Organized Crime Gangs Stifle Retail Profits

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Published June 08, 2011

| FOXBusiness

Sophisticated technologies and higher demand for bargains have led to an increase in organized crime against retailers, according to the National Retail Federations Organized Retail Crime survey.

Of the 129 retail companies surveyed, from restaurants and grocery stores to department and specialty retail stores, nearly all said they had been a victim of organized retail crime in the past 12 months, an increase of 6% from last year and one of the worst results in the surveys seven-year history.

The true scope of the problem has been difficult to measure given the secretive nature of the crimes, though industry experts have estimated that organized retail crime losses total an estimated $15 billion to $30 billion annually.

The devastating blow to the retail industry is detrimental at any time, but particularly when higher costs of raw materials and still soft demand have forced weaker profits from retailers such as Cracker Barrel (CBRL), CVS (CVS) and Pinnacle West (PNW). 

The Modern Heist 

Despite Hollywoods perpetual portrayal of four masked bandits waving a gun during an in-store heist or swiftly swooping from the ceiling at night, retailers say the crime often starts before the merchandise even hits the shelves.

Some 49.6% of retailers said they had been a victim of cargo theft over the last year, with most affected from when products are en route from the distribution center to the store, with others reporting cases between the manufacturer and the distribution center, at the distribution center, and as merchandise moves from one store to another.

Cargo theft is a rewarding, profitable enterprise, and criminals are increasingly finding ways to infiltrate the supply chain, said NRF senior asset protection advisor Joe LaRocca. As thieves target shipping containers, retailers and law enforcement are fighting back with new initiatives and operations to directly address cargo theft.

Organized crime rings generally consist of "boosters," who methodically steal merchandise from stores or trailers, and "fence operators," who convert the product to cash or drugs as part of a criminal enterprise. The members all have designated roles, according to the NRF, from the driver and lookout to the packer and supervisor.

Some criminals use foil-line shopping bags, boxes and signal jammers to defeat inventory control tags, while others use computers to replicate fake receipts for the purpose of making cash returns. Still other boosters use stolen or fake credit cards to make an expensive purchase, or partner with employees.

Many retailers in the survey said that on average 12% of organized crime cases involved both internal and external participants, shedding light on the substantial role corrupt employees play in the crime ring.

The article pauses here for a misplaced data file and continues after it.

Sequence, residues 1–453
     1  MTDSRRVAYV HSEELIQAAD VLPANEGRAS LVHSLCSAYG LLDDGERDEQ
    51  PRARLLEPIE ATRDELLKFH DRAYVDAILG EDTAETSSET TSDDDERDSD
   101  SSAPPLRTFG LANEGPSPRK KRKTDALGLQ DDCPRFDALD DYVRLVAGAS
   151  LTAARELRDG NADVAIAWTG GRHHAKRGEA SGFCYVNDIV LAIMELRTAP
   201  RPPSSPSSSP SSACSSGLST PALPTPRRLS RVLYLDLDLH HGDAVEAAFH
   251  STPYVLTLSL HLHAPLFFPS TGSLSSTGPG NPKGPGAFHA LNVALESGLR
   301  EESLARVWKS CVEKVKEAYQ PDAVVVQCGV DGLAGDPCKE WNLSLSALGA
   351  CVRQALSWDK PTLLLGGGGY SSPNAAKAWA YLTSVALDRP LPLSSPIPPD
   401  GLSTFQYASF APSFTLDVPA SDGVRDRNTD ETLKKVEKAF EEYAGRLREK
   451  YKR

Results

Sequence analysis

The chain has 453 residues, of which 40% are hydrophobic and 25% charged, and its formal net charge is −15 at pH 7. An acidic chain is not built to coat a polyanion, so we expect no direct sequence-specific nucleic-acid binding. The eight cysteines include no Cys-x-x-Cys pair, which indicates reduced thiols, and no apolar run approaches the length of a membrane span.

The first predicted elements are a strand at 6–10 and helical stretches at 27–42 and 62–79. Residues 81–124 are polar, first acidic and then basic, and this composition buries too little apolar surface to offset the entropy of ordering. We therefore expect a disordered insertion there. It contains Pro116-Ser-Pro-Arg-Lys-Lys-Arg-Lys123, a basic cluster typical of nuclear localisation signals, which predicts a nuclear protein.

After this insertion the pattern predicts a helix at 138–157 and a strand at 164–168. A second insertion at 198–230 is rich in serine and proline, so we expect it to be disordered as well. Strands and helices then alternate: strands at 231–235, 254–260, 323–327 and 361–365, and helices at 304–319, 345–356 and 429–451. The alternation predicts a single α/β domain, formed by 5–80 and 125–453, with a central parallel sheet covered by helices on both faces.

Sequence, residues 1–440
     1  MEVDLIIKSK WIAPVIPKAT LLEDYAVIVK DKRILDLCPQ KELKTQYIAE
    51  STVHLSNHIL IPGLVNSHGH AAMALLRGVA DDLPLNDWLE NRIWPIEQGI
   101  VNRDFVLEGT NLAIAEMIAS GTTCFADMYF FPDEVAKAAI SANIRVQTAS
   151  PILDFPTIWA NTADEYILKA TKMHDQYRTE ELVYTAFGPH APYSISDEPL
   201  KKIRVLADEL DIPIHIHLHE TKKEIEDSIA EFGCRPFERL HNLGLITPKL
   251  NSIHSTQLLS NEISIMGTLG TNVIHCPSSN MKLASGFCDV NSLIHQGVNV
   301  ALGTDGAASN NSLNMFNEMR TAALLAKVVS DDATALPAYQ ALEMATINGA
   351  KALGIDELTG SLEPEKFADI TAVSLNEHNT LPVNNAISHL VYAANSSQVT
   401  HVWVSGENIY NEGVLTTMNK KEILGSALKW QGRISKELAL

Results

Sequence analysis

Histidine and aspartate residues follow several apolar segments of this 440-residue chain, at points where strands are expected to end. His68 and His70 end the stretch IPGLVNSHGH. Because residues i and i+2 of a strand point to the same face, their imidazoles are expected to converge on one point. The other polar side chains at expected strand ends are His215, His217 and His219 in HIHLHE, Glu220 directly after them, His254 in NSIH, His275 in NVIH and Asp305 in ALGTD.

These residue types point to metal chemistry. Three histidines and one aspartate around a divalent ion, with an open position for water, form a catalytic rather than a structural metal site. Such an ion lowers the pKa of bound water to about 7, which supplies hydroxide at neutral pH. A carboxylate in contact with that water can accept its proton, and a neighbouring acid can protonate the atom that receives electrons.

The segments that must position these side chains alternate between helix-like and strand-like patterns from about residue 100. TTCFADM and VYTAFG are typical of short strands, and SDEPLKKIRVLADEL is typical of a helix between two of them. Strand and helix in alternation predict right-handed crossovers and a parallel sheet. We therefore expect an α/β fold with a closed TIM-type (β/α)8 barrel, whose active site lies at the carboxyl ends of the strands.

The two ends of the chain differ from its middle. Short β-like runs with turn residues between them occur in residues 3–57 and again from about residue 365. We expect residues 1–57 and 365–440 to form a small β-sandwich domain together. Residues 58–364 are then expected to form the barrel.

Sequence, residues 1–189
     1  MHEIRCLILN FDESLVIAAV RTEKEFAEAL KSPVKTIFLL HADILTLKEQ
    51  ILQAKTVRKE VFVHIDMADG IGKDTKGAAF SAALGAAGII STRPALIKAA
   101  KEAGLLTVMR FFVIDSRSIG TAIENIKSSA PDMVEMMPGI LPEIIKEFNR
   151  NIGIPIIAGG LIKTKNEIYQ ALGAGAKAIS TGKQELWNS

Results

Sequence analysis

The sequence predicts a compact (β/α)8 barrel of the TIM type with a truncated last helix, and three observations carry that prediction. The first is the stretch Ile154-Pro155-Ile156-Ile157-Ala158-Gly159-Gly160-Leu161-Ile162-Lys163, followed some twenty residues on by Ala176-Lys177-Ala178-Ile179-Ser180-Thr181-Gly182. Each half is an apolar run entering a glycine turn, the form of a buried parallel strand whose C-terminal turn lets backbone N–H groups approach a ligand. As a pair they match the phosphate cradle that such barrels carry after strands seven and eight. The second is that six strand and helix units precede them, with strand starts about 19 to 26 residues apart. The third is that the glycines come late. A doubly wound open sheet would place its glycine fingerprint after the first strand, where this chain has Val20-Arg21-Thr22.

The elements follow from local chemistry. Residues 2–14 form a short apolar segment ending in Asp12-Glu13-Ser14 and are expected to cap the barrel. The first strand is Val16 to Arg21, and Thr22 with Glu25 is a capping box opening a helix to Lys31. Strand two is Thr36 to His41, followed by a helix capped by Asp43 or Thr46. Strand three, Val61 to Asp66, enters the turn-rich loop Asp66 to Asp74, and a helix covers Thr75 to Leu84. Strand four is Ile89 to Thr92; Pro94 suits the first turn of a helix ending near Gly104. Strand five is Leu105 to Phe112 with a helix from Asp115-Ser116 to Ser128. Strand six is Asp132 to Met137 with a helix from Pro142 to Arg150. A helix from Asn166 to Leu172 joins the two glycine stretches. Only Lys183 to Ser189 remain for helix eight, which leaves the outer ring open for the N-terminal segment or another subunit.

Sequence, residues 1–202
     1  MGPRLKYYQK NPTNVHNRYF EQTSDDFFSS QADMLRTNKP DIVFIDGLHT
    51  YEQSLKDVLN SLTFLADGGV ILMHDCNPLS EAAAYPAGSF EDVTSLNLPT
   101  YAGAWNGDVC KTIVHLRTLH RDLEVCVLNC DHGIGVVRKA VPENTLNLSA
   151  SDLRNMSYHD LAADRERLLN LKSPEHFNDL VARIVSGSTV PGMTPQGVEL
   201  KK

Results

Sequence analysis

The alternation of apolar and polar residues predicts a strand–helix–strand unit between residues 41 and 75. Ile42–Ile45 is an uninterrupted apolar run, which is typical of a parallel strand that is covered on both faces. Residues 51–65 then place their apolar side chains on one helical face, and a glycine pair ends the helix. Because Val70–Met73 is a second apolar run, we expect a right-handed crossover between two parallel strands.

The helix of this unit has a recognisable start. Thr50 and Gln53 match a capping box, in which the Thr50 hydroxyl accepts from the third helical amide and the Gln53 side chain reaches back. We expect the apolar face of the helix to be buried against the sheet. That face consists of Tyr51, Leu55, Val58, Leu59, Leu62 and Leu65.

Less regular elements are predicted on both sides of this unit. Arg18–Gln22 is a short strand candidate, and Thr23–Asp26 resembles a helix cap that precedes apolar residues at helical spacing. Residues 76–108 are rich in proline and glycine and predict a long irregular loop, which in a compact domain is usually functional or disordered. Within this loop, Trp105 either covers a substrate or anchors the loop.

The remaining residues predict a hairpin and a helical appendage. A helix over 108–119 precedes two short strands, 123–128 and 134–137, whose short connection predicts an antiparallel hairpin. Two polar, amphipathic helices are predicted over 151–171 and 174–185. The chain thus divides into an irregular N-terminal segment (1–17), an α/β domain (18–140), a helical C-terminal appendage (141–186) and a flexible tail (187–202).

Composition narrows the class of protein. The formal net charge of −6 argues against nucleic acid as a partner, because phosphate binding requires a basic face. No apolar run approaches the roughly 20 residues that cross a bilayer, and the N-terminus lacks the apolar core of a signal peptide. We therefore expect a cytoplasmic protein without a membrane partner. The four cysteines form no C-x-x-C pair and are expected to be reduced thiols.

The gangs, which target both consumer and other valuable goods such as over-the-counter medicines and designer jeans, often try to hide and sell the products at pawn shops, flea markets or warehouses, according to the NRF.

Retailers Taking Stand

As a still-downtrodden economy forces retail executives to pay closer attention to every line item on their budgets, loss prevention experts say senior leadership is more likely to understand how organized retail crime impacts profits.

More than half of survey respondents believe their top management understands organized retail crime, up 16% from last year, and many have started allocating additional resources, such as more personnel and greater investments in technology, to tackle the problem.

As criminals become more brazen, retailers are working fervently to cut down on organized retail crime activity in order to ensure the safety of their associates and shoppers, LaRocca said.

But its not just an issue of narrowed profits, the NRF says these criminals are becoming more violent, and are often engaged in other illegal activities, such as drugs, weapons and gang activity.

Luckily, retailers have not been left on their own to defend against the rising threats.

The FBI, Immigration Customs and Enforcement of the Homeland Security Investigations Agency (ICE-HSI) and the Department of Homeland Security have all been very active in monitoring and apprehending criminal enterprises known for their organized retail crime activities.

Earlier this year, ICE-HSI expanded its Organized Retail Crime Pilot Program into an ongoing nationwide initiative that will be known as the Seizing Earnings and Assets from Retail Crime Heists, or SEARCH, initiative.

In 2009 the NRF and other industry associations inked a deal with eBay (EBAY) to tackle organized retail crime together by identifying and stopping criminals that resell stolen good online.

Increasing partnerships between retailers and law enforcement agencies demonstrate the severity of the issue for retailers of all sizes and formats, the NRF said in the annual report. Organized retail crime gangs can wreak havoc on a companys entire operating system as well as potentially causing serious harm to store employees and shoppers should a thief get violent.

The top 10 areas in the U.S. for organized retail crime are Atlanta, Chicago, Dallas, Houston, Las Vegas, Los Angeles, Miami, New York and Northern New Jersey, Philadelphia and Phoenix.

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